As described earlier, a striking feature of TCS is the inter- and intra-familial variation in the phenotypic severity [Dixon et al., 1994; Marres et al., 1995]. This is also reflected in the different strains of mice harboring mutations in Tcof1. There are three principal mechanisms which could account for the phenotypic variation. Firstly, background-dependent differences in Tcof1/treacle itself. TCS results from haploinsufficiency of Tcof1/treacle and subtle spatiotemporal differences in Tcof1/treacle activity or perhaps endogenous level of activity from the DBA versus C57BL/6 allele may be critically relevant to the severity of the phenotype. Secondly, background differences in p53 could influence the phenotype. One of the distinctive features of p53 is its ability to elicit both cell-cycle arrest and apoptosis. The different fates are orchestrated through activation of distinct subsets of target genes and this is intimately associated with posttranslational modification of specific p53 residues [Aylon and Oren, 2007], which may be background dependent. Thirdly, there may be multiple genetic modifiers that contribute to the severity of TCS. The identification of both positive and negative genetic modifiers will provide further opportunities for therapeutic intervention and an improvement in the prognosis of at risk or affected individuals.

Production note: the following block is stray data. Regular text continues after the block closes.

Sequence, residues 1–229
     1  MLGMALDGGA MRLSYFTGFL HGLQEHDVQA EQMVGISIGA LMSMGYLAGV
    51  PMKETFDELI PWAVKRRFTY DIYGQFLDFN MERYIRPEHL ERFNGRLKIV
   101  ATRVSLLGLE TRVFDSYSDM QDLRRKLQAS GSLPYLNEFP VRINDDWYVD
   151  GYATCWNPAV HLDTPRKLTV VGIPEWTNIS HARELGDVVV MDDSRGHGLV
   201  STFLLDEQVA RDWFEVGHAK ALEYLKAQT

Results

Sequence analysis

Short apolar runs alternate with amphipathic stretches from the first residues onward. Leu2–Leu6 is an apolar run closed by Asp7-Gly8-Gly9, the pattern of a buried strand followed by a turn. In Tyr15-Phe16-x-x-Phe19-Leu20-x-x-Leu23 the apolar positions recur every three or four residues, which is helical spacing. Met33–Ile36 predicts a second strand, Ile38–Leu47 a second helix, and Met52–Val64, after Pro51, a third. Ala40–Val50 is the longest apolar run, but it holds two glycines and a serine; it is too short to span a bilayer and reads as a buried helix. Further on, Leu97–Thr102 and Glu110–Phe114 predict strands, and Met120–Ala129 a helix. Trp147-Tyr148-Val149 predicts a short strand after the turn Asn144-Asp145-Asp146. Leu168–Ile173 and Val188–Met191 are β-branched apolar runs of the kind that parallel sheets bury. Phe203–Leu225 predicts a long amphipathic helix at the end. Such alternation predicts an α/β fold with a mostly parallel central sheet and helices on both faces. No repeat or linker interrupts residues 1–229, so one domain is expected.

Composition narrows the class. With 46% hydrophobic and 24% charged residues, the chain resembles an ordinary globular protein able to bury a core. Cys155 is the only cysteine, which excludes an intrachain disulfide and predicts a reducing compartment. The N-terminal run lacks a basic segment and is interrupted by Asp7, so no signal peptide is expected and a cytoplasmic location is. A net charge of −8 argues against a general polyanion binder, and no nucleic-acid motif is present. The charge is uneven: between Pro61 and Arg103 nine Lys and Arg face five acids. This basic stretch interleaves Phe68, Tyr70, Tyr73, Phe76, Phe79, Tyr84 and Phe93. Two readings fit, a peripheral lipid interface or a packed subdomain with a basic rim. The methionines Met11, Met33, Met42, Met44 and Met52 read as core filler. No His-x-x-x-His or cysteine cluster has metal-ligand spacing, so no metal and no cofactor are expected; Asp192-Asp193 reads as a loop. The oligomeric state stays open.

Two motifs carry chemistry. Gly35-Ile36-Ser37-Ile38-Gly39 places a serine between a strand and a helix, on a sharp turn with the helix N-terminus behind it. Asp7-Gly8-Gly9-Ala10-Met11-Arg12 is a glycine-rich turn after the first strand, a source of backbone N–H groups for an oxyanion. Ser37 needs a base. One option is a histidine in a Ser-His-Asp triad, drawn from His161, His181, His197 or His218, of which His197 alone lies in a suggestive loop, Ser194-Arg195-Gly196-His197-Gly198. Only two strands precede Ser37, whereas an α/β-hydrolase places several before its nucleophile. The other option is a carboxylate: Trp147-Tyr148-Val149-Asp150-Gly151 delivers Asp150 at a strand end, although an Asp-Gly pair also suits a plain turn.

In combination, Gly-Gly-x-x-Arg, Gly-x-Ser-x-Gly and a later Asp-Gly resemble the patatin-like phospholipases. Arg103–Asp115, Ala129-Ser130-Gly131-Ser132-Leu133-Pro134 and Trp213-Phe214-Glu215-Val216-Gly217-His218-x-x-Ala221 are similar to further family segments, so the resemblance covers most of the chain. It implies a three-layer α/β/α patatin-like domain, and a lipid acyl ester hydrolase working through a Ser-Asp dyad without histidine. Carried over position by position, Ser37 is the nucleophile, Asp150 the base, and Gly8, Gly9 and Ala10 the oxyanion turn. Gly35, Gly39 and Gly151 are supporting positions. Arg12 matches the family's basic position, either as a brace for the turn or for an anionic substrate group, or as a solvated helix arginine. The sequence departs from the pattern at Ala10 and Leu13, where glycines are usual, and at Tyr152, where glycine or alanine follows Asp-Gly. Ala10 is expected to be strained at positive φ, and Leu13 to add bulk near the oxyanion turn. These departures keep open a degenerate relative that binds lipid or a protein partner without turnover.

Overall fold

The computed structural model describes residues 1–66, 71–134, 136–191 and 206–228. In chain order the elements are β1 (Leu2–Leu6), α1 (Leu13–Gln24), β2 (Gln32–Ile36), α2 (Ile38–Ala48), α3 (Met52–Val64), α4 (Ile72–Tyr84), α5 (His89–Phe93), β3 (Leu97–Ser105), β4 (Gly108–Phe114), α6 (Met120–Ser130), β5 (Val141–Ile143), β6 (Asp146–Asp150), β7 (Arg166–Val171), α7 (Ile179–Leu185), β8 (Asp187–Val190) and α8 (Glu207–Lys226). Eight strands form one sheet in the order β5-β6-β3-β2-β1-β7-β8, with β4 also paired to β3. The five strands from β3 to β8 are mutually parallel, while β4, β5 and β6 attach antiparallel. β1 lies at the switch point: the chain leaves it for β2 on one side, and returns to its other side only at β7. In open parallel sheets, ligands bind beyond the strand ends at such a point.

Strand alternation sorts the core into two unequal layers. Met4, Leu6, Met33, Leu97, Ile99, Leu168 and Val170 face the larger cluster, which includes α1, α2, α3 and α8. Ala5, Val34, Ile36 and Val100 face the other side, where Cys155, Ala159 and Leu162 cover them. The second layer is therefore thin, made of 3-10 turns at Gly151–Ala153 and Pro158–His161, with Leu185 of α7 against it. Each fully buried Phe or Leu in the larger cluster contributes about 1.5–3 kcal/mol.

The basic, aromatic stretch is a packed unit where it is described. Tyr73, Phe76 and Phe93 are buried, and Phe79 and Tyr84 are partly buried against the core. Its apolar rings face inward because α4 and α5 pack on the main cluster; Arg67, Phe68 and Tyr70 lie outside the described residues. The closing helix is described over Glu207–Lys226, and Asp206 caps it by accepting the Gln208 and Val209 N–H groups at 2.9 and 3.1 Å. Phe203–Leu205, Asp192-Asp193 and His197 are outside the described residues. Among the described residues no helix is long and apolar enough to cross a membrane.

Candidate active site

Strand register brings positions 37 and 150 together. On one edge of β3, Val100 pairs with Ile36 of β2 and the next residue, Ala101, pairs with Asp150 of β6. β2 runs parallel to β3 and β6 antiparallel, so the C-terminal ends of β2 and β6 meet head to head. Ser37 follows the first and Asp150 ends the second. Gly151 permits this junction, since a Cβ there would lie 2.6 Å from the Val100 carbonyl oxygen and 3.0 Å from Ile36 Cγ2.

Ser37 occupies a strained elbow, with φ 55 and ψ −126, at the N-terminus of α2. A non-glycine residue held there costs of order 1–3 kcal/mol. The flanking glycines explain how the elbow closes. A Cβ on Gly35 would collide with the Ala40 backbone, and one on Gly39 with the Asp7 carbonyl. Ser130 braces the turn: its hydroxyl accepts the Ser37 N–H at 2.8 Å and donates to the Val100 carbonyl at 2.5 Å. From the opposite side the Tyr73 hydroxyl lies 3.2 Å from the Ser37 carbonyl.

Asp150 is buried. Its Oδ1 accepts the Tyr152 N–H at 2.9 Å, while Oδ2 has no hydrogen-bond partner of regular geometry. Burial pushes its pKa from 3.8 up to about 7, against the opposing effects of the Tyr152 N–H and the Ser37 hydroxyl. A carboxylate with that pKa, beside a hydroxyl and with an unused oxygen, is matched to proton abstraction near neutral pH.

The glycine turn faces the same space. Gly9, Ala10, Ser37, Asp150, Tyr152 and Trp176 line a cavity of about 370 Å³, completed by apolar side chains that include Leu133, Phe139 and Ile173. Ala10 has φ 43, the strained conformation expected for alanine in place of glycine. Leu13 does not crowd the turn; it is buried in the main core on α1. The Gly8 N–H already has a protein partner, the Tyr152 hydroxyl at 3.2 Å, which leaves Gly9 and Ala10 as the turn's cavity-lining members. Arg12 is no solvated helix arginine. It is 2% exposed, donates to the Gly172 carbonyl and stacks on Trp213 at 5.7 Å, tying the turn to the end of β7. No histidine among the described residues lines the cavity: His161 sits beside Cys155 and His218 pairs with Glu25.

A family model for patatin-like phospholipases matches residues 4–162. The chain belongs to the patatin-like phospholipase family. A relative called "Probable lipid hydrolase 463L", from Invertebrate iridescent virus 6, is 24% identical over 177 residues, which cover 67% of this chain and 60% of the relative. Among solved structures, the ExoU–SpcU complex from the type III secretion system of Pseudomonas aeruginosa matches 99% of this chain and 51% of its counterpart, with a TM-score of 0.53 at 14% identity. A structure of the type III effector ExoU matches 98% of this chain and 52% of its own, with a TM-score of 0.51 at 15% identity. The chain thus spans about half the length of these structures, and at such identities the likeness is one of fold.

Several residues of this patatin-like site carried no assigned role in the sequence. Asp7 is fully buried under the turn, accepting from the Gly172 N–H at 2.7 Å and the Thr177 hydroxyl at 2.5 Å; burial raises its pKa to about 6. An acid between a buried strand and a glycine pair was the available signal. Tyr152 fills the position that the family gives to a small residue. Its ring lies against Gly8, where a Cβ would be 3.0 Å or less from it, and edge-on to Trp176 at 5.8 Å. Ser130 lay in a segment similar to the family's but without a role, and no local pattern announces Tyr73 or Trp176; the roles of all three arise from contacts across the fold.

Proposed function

CONCLUSIONS

  1. Top of page
  2. Abstract
  3. INTRODUCTION
  4. NEURAL CREST CELL DEVELOPMENT
  5. TREACHER COLLINS SYNDROME
  6. CLINICAL MANAGEMENT
  7. GENETIC BASIS OF TCS
  8. CELLULAR BASIS OF TCS